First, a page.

Feature: Are older generations forming a cosmetic surgery boom?

4 November 2011

Cosmetic surgery has seen an increase in popularity in recent years with people still opting to go under the knife despite the crumbling walls of the recession hitting purses hard. Last year alone, higher numbers of people went to see their surgeon about getting a procedure, with the amount of breast implants going up and chin surgeries going down.

Non-surgical treatments, which prove to temporarily halt the signs of ageing, such as Botox, have also seen a dramatic increase with many professionals treating men and women with the forehead injections in "lunchtime booster" sessions.

According to recent reports, the amount of elderly people turning to surgery has dramatically increased. Dubbed typical first-time plastic-surgery candidates, more and more older people have decided to reverse signs that they have aged through cosmetic procedures.

The American Society for Aesthetic Plastic Surgery released figures that showed elective cosmetic procedures among patients aged 65 and older, both surgical and non-surgical, rose by 29 per cent from 2005 to 2010, to more than 680,000 cases.

In the UK, the British Association of Aesthetic Plastic Surgeons (BAAPS) found that 38,274 procedures were done for men and women in 2010, compared with 36,482 in 2009, a rise of five per cent. The figures showed that women accounted for 34,413 of the surgeries, while men accounted for ten per cent.

Dr Remus Repta, a plastic surgeon at John C Lincoln Hospital in Phoenix, said: "The older population is going to be more facelift, necklift and browlift. Sometimes they want less invasive surgeries like skin resurfacing for all of the sun damage that they've acquired. But generally, it's shoulders and up."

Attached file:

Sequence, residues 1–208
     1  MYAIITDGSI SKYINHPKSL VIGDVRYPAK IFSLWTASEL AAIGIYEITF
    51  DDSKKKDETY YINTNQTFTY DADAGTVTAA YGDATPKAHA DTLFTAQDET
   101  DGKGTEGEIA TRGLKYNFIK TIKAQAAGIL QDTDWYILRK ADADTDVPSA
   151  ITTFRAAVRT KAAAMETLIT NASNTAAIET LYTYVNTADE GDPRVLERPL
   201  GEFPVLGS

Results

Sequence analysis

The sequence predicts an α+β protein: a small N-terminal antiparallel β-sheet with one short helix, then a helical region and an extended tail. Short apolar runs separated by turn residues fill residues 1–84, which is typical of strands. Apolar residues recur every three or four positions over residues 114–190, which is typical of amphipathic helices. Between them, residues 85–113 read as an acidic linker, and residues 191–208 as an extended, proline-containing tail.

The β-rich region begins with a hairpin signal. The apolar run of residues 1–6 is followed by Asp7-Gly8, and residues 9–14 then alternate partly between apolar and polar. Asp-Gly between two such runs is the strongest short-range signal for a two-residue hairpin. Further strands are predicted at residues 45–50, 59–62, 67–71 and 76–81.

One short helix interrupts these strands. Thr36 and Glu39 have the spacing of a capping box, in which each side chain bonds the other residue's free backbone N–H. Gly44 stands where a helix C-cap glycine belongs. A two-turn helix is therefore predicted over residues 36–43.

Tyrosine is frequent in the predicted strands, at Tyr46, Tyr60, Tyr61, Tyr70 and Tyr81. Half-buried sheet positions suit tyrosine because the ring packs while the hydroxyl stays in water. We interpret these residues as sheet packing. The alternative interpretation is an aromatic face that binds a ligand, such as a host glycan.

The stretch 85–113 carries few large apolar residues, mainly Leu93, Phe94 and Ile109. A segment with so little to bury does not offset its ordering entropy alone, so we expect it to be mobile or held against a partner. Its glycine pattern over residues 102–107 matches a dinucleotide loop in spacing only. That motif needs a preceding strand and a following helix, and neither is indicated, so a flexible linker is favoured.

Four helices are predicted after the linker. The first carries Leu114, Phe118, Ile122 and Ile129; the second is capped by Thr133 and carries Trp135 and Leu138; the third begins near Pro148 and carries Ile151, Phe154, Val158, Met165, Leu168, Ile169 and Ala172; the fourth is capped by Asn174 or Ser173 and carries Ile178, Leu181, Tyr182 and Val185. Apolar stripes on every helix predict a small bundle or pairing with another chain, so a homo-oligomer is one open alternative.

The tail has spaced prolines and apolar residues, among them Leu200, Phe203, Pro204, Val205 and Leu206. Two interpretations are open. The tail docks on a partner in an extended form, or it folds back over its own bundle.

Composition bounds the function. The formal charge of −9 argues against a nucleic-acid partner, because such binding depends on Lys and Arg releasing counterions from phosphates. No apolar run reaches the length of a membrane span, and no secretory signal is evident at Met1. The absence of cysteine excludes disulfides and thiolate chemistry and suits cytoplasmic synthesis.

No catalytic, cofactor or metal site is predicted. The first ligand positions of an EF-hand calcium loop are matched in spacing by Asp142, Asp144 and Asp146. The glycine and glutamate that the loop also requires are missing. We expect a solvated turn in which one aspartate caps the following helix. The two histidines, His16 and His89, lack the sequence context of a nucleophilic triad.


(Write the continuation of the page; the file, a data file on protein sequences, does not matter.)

While many younger patients would opt for breast surgery - the most popular type of cosmetic procedure in the UK - older individuals are looking for something else, often focusing on looking younger rather than more enhanced, according to the doctor.

Plastic surgeons say candidates of any age for cosmetic procedures, but especially older ones, should consult not only their family doctor but more than one specialist about their appearance goals and other issues, such as the condition of their skin and its potential for relatively quick healing.

Although plastic surgery may be an option for the older generation, a new study has also opened doors to show a different method which focuses on the behaviour of cells.

Researchers at the Mayo Clinic in the US found that the onset of wrinkles, muscle wasting and cataracts has been delayed and even eliminated in mice.

The scientists found a way to "flush away" cells that had stopped dividing, which can cause the complexion to age. These senescent cells, which accumulate naturally with age, were cleared using a specially developed drug and the researchers witnessed the "fascinating" effects soon after.

Published in the journal Nature, the study raised the tantalising prospect of slowing the signs of ageing in humans, but the scientists were quick to point out that more research needs to be done before the procedure is tested on people as the cells cannot be removed from humans as easily as in the research.

Leader of the study Dr Jan van Deursen told the BBC: "We were very surprised by the very profound effect. I really think this is very significant."

"I'm very optimistic that this could really have an impact. Nobody wants to live longer if the quality of life is poor. If you can prime the immune system, boost it a little bit, to make sure senescent cells are removed, that might be all it needs."

Halting the signs of ageing seems to have become a trend in recent years, with Britons spending around £2.3 billion a year on cosmetic treatments, including Botox, chemical peels and laser treatments.

Demand has risen by 17 per cent in the past two years and in 2009 loans of up to nearly £5 million were taken out to pay for those sought-after operations.

Rajiv Grover, consultant plastic surgeon and BAAPS president elect, concluded: "In times of financial hardship patients are looking for the real deal, for treatments which deliver a reliable, long-lasting result and have a proven safety record."

Posted by Jeanette Royston

Van Deursen, Jan, et al., "Clearance of p16Ink4a-positive senescent cells delays ageing-associated disorders", Nature, November 2nd 2011


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